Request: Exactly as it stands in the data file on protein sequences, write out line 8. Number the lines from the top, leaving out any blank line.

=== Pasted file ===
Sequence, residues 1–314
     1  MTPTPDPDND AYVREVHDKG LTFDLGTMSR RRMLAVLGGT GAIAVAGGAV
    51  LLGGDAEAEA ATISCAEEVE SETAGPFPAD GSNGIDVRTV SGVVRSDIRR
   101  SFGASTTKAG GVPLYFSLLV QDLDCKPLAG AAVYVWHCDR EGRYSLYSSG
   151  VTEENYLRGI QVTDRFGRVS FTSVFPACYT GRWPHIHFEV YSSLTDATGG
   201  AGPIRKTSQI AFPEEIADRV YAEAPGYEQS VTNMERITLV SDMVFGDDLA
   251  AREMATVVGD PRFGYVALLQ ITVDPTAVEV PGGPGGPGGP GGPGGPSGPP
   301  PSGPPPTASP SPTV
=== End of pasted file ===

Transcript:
   301  PSGPPPTASP SPTV